The full text will be freely available from 2019-10-04 16:42
  • 32.
    Aman, Robert
    Linköping University, Department of Behavioural Sciences and Learning, Education and Adult Learning. Linköping University, Faculty of Educational Sciences.
    Why Interculturalidad is not Interculturality Colonial remains and paradoxes in translation between indigenous social movements and supranational bodies2015In: Cultural Studies, ISSN 0950-2386, E-ISSN 1466-4348, Vol. 29, no 2, p. 205-228Article in journal (Refereed)
    Abstract [en]

    Interculturality is a notion that has come to dominate the debate on cultural diversity among supranational bodies such as the European Union and UNESCO in recent years. The EU goes so far as to identify interculturality as a key cultural and linguistic characteristic of a union which, it argues, acts as an inspiration to other parts of the world. At the same time, the very notion of interculturality is a core component of indigenous movements in the Andean region of Latin America in their struggles for decolonization. Every bit as contingent as any other concept, it is apparent that several translations of interculturality are simultaneously in play. Through interviews with students and teachers in a course on interculturality run by indigenous alliances, my aim in this essay is to study how the notion is translated in the socio-political context of the Andes. With reference points drawn from the works of Walter Mignolo and the concept of delinking, I will engage in a discussion about the potential for interculturality to break out of the prison-house of colonial vocabulary – modernization, progress, salvation – that lingers on in official memory. Engagement in such an interchange of experiences, memories and significations provides not only recognition of other forms of subjectivity, knowledge systems and visions of the future but also a possible contribution to an understanding of how any attempt to invoke a universal reach for interculturality, as in the case of the EU and UNESCO, risks echoing the imperial order that the notion in another context attempts to overcome.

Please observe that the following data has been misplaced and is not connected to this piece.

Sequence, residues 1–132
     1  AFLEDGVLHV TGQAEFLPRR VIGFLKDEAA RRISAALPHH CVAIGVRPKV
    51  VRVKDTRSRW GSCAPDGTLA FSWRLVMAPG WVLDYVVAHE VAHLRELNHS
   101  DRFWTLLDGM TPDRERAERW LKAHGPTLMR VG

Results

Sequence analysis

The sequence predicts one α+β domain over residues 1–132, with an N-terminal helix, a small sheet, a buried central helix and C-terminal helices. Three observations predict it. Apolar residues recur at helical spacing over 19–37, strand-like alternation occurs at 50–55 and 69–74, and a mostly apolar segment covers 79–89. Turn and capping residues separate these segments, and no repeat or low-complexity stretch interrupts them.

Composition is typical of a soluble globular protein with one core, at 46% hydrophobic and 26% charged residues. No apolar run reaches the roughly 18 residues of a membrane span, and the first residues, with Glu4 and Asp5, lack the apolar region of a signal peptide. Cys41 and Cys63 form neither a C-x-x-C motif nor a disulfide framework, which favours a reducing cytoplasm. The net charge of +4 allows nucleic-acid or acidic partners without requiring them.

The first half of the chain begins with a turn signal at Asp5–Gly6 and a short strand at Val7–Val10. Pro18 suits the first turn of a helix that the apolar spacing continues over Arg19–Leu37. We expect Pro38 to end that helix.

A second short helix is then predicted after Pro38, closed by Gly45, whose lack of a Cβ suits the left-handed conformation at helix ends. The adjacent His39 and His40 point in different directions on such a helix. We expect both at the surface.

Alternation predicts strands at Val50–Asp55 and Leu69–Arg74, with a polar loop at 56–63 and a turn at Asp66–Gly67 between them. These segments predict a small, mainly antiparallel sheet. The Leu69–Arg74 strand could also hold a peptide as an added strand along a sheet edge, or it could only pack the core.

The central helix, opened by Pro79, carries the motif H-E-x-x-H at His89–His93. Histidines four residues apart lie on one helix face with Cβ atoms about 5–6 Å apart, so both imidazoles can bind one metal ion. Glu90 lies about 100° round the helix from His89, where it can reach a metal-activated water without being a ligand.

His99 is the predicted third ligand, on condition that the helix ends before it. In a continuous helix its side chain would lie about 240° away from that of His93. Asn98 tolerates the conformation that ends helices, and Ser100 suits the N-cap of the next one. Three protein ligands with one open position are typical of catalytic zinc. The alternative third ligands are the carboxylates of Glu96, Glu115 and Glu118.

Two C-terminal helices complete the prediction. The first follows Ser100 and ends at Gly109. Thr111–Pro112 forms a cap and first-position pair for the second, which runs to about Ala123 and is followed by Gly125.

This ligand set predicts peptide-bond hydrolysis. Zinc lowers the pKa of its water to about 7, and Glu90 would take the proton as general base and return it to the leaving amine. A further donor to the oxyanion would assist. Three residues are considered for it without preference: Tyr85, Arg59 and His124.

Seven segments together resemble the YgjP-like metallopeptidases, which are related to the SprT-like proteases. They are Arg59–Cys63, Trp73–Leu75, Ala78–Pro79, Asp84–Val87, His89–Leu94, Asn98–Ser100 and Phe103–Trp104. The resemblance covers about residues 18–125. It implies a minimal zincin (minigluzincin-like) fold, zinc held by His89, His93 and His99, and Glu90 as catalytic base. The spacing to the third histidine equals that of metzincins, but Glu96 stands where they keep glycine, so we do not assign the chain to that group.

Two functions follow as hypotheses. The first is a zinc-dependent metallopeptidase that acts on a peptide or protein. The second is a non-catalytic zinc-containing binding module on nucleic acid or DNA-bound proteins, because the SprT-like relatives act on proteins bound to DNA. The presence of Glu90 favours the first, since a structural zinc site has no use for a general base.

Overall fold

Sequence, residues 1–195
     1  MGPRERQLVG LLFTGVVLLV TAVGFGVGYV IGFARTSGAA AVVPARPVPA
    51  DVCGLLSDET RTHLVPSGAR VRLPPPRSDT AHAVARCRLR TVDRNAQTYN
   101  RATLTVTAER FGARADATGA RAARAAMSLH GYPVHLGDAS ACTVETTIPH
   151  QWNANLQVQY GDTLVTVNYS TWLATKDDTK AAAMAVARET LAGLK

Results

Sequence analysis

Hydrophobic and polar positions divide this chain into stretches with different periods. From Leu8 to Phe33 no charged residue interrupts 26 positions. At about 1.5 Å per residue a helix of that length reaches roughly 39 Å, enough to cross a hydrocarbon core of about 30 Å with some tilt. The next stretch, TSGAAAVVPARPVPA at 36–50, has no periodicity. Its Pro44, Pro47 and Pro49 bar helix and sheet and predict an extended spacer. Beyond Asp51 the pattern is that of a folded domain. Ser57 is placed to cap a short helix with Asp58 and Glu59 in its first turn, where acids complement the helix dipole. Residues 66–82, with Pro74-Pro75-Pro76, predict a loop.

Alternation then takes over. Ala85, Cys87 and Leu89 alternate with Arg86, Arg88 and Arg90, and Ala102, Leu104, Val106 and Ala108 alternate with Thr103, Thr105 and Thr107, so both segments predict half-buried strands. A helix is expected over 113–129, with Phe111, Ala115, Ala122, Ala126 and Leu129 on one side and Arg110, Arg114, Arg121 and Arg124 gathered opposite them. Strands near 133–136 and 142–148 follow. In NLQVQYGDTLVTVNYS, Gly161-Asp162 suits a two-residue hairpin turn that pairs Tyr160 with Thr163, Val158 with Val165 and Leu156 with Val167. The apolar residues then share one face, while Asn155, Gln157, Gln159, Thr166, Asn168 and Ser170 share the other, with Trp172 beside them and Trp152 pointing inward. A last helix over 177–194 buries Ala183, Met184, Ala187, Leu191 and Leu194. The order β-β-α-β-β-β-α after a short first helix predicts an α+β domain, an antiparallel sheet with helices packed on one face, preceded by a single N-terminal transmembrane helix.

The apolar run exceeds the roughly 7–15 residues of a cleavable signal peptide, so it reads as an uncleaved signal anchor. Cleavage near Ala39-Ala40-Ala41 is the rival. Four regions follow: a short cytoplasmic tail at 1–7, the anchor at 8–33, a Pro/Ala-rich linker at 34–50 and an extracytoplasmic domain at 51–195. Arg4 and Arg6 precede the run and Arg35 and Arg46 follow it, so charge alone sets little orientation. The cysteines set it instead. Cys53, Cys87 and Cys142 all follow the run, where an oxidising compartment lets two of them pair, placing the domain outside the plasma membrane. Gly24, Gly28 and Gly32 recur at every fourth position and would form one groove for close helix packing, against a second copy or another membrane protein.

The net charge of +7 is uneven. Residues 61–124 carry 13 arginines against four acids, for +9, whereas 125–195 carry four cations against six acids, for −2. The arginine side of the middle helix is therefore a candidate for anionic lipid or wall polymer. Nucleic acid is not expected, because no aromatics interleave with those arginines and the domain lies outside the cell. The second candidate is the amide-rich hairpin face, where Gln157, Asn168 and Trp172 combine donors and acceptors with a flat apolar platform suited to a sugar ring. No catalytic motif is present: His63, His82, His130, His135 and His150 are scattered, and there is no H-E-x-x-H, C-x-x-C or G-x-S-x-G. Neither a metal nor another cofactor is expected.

• 33.
    Aman, Robert
    et al.
    Linköping University, Department of Behavioural Sciences and Learning, Education and Adult Learning. Linköping University, Faculty of Educational Sciences.
    Ireland, TimothyFederal University of Paraiba, Brazil.
    Education and Other Modes of Thinking in Latin America2016Collection (editor) (Refereed)
    Abstract [en]

    After long periods of military dictatorships, civil wars, and economic instability, Latin America has changed face, and become the foremost region for counter-hegemonic processes. This book seeks to address contemporary paradigms of education and learning in Latin America. Although the production of knowledge in the region has long been subject to imperial designs and disseminated through educational systems, recent interventions – from liberation theology, popular education, and critical literacy to postcolonial critique and decolonial options – have sought to shift the geography of reason.

    Over the last decades, several Latin American communities have countered this movement by forming some of the most dynamic and organised forms of resistance: from the landless movements in Brazil to the Zapatistas in the Chiapas region of Mexico, from the indigenous social movements in Bolivia to Venezuela’s Chavistas, to mention but a few. The central question to be addressed is how, in times of historical ruptures, political reconstructions, and epistemic formations, the production of paradigms rooted in ‘other’ logics, cosmologies, and realities may renegotiate and redefine concepts of education, learning, and knowledge. Consequently, this book transcends disciplinary, epistemological, and methodological boundaries in education and learning by engagement with ‘other’ paradigms. 

  • 34.
    Ambjörnsson, Fanny
    Stockholm University, Faculty of Humanities, Department of Ethnology, History of Religions and Gender Studies, Gender Studies.
    Tid att städa: Om vardagsstädningens praktik och politik2018Book (Refereed)
  • 35.
    Ambjörnsson, Fanny
    et al.
    Stockholm University, Faculty of Humanities, Department of Ethnology, History of Religions and Gender Studies.
    Bromseth, Janne
    Stockholm University, Faculty of Humanities, Department of Ethnology, History of Religions and Gender Studies.